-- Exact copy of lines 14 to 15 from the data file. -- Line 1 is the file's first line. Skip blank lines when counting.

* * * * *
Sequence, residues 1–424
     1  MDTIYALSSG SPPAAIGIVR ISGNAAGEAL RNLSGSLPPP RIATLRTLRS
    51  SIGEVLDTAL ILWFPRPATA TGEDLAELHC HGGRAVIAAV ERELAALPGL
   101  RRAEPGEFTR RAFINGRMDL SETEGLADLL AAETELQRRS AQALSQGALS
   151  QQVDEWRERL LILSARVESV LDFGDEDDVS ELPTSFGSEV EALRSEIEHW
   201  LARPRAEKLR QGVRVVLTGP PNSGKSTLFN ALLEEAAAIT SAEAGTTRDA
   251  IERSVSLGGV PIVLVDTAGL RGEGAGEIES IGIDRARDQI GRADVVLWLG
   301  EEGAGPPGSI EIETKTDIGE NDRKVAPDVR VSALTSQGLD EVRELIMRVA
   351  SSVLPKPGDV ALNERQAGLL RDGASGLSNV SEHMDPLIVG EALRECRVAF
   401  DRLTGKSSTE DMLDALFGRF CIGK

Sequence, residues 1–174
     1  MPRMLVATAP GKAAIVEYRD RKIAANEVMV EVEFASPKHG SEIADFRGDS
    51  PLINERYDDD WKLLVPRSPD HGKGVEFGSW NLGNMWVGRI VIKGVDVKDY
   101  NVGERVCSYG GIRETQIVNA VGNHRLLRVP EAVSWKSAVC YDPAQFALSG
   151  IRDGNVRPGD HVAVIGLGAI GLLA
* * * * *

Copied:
   101  NVGERVCSYG GIRETQIVNA VGNHRLLRVP EAVSWKSAVC YDPAQFALSG
   151  IRDGNVRPGD HVAVIGLGAI GLLA